Published online by Cambridge University Press: 15 April 2021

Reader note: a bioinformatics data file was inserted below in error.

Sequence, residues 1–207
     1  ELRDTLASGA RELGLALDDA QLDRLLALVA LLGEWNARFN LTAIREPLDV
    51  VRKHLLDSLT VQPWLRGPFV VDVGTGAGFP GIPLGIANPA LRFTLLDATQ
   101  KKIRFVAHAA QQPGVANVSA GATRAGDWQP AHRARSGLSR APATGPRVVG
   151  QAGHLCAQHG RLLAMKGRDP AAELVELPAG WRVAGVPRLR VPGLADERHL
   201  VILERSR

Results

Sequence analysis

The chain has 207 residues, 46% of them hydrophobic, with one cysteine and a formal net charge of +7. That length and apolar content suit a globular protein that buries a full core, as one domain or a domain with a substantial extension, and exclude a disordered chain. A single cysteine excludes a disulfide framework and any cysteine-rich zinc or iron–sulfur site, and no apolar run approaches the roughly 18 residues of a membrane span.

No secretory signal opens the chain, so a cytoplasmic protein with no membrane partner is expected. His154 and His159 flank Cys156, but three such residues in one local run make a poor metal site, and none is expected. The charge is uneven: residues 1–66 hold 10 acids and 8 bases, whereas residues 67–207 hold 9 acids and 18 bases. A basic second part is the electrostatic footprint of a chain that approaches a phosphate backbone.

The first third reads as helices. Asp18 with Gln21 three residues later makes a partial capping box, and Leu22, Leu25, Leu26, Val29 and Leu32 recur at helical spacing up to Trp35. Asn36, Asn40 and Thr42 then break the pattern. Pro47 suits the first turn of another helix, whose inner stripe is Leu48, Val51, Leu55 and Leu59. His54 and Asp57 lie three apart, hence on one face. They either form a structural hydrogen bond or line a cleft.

The behaviour of trace elements in geochemistry may be understood in terms of the chemical properties of their ions and the way in which they are partitioned between solid (mineral) and melt phases during the melting and solidification of igneous rocks and their sources. However, partition coefficients vary according to a large number of physical parameters such as temperature, pressure, melt composition and oxygen fugacity, and these effects can be modelled using the results of experimental petrology and thermodynamic analysis. Trace element data for both igneous and sedimentary rocks are plotted according to their geochemical properties and may be displayed on bivariate diagrams, rare earth element (REE) plots, multi-element plots normalised to the composition of the Earth’s primitive mantle or as highly siderophile elements (HSE). The physical understanding of trace element distributions means that they can be modelled during partial melting, fractional crystallisation and assimilation and comparisons made with the measured compositions of natural rock samples.